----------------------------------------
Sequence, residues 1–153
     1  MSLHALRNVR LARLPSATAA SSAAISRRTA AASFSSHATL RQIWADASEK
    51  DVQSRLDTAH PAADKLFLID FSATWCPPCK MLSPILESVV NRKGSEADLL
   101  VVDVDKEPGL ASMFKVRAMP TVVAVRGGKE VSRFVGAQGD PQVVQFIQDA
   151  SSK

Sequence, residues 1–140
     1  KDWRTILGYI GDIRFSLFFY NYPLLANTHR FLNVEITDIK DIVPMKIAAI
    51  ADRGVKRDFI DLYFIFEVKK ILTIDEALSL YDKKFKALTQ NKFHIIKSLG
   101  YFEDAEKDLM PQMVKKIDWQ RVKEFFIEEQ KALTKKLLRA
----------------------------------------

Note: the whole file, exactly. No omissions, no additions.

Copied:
Sequence, residues 1–153
     1  MSLHALRNVR LARLPSATAA SSAAISRRTA AASFSSHATL RQIWADASEK
    51  DVQSRLDTAH PAADKLFLID FSATWCPPCK MLSPILESVV NRKGSEADLL
   101  VVDVDKEPGL ASMFKVRAMP TVVAVRGGKE VSRFVGAQGD PQVVQFIQDA
   151  SSK

Sequence, residues 1–140
     1  KDWRTILGYI GDIRFSLFFY NYPLLANTHR FLNVEITDIK DIVPMKIAAI
    51  ADRGVKRDFI DLYFIFEVKK ILTIDEALSL YDKKFKALTQ NKFHIIKSLG
   101  YFEDAEKDLM PQMVKKIDWQ RVKEFFIEEQ KALTKKLLRA